The first step is resolving for “.” or the root. Recursive nameserver software come with a list of root servers compiled in. This is known as the “root hints” file, every recursive nameserver needs this to bootstrap itself.

Operators who manage a DNS recursive resolver typically need to configure a “root hints file”. This file contains the names and IP addresses of the authoritative name servers for the root zone, so the software can bootstrap the DNS resolution process. For many pieces of software, this list comes built into the software.

This is from the IANA root files page. You can download the root hints file itself and see what it contains. The Wikipedia page for root name server is a good place to get started if you want to learn more about how they work and are operated.

Now let us look at the first section of the dig output from earlier:

. 435655 IN NS f.root-servers.net.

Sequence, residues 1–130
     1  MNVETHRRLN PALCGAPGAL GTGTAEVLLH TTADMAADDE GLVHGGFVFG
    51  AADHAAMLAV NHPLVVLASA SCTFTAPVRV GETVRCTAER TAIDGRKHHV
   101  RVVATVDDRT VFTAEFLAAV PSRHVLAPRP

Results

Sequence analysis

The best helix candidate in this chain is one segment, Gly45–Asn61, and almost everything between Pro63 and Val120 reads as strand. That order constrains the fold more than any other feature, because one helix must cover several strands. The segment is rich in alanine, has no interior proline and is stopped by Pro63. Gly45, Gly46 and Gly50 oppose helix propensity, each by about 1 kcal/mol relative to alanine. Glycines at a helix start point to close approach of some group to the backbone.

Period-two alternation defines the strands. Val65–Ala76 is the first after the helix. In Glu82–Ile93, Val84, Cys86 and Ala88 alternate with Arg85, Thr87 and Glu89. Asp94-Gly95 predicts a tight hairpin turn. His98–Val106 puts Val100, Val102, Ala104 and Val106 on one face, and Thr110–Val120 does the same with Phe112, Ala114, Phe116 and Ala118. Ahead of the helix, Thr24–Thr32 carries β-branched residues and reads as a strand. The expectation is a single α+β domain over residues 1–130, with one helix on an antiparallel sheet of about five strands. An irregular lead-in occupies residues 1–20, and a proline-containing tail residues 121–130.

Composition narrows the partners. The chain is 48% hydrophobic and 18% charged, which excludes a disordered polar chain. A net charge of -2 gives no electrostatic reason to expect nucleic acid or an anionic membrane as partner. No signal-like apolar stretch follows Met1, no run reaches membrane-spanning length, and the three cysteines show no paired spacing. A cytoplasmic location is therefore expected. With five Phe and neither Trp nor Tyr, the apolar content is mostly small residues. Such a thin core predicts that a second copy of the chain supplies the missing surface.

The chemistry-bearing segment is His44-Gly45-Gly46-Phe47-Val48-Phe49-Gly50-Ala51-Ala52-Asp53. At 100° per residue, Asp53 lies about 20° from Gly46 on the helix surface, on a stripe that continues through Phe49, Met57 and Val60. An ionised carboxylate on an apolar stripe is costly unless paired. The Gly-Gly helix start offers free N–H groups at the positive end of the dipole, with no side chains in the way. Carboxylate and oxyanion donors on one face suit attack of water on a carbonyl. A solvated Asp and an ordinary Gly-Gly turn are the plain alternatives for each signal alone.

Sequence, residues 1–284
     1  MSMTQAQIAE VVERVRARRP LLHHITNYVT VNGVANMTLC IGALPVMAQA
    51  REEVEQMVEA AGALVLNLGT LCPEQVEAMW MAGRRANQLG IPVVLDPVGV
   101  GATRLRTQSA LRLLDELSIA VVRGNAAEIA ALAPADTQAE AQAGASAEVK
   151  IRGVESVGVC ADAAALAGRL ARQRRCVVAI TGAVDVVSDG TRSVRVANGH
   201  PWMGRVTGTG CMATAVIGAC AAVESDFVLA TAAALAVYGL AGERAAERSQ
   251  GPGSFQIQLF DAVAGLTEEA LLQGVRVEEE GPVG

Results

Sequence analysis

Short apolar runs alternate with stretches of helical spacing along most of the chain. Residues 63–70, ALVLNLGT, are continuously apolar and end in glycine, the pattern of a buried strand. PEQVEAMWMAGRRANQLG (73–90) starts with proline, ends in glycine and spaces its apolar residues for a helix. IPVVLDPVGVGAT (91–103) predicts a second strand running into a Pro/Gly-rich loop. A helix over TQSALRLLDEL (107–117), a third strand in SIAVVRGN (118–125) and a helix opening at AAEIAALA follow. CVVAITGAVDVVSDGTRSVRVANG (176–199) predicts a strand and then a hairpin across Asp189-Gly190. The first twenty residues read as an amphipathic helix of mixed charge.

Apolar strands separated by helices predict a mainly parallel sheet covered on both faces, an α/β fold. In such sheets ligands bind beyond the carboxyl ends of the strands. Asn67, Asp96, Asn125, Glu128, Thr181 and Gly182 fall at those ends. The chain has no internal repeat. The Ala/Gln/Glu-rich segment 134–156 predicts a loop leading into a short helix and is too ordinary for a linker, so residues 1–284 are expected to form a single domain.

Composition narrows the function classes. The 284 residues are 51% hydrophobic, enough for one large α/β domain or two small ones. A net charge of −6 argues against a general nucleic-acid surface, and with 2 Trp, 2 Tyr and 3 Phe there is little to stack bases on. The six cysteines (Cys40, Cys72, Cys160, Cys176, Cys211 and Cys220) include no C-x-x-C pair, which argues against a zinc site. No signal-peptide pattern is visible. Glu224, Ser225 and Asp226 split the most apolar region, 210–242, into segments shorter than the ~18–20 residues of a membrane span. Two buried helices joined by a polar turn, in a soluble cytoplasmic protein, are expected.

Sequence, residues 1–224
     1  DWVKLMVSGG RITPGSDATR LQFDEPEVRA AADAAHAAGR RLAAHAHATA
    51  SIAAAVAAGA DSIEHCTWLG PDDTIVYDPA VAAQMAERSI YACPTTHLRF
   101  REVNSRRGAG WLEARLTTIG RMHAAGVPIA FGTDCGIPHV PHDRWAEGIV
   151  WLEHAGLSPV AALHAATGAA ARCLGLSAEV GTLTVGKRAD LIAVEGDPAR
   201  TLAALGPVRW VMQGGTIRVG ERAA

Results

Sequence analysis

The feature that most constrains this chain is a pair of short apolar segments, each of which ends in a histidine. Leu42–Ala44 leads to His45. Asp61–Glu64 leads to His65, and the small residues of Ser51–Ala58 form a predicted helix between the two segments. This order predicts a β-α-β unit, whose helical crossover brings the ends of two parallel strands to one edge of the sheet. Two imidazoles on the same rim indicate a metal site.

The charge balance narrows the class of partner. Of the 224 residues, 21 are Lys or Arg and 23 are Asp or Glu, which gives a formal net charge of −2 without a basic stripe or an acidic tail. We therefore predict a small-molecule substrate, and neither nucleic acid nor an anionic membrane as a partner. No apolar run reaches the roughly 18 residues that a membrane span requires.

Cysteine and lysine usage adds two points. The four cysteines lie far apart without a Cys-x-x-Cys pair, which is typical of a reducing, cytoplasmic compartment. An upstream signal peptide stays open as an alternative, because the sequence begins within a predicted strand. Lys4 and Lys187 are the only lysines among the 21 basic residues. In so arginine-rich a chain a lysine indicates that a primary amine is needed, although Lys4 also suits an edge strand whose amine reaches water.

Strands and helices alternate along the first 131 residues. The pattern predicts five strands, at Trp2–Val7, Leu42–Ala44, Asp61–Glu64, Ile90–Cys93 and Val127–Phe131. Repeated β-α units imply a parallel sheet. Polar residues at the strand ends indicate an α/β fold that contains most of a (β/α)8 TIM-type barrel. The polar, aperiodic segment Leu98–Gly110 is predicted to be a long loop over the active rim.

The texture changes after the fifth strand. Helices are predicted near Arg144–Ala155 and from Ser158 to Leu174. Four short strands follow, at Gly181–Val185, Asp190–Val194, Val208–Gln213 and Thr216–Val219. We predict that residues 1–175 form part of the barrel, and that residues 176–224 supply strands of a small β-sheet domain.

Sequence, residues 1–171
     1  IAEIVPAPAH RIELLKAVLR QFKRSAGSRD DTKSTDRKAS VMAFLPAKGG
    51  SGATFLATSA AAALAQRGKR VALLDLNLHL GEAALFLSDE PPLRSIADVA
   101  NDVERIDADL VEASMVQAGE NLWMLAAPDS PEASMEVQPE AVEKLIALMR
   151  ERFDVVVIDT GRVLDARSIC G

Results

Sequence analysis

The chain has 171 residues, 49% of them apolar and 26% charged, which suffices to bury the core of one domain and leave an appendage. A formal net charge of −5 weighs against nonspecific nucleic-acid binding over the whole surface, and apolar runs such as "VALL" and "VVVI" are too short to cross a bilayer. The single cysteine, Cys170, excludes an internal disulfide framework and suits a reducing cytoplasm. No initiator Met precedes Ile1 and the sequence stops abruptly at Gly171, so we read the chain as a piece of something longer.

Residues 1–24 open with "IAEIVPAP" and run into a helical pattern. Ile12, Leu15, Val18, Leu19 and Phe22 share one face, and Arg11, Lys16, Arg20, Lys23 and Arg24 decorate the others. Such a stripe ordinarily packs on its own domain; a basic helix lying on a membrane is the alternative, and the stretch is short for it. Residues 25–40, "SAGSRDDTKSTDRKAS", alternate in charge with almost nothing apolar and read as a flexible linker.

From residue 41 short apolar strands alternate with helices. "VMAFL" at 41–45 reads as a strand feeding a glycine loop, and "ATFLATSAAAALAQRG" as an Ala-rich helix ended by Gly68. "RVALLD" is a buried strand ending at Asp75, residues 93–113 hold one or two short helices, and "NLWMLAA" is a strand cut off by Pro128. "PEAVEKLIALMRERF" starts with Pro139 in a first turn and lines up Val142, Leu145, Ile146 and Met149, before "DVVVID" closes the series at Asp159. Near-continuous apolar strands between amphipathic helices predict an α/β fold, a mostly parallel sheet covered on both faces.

. 435655 IN NS k.root-servers.net.
. 435655 IN NS i.root-servers.net.
. 435655 IN NS g.root-servers.net.
. 435655 IN NS m.root-servers.net.
. 435655 IN NS c.root-servers.net.
. 435655 IN NS a.root-servers.net.
. 435655 IN NS e.root-servers.net.
. 435655 IN NS j.root-servers.net.
. 435655 IN NS b.root-servers.net.
. 435655 IN NS h.root-servers.net.
. 435655 IN NS l.root-servers.net.
. 435655 IN NS d.root-servers.net.
;; Received 811 bytes from 149.112.121.10#53(149.112.121.10) in 27 ms

In our example, we ask the CIRA recursive resolver to give us a list of root servers so we can proceed with the next step of the query.

The second step of the query is asking the root nameservers about the nameservers for the TLD (Top Level Domain) part of our DNS name. In our example that would be .com. Every root nameserver has a root zone file that contains the nameserver names for every TLD and their corresponding IP addresses. Like the root hints file, you can download the root zone file and have a look at it yourself.

com. 172800 IN NS e.gtld-servers.net.
com. 172800 IN NS h.gtld-servers.net.
com. 172800 IN NS l.gtld-servers.net.
com. 172800 IN NS f.gtld-servers.net.
com. 172800 IN NS k.gtld-servers.net.
com. 172800 IN NS b.gtld-servers.net.
com. 172800 IN NS j.gtld-servers.net.
com. 172800 IN NS d.gtld-servers.net.
com. 172800 IN NS a.gtld-servers.net.
com. 172800 IN NS c.gtld-servers.net.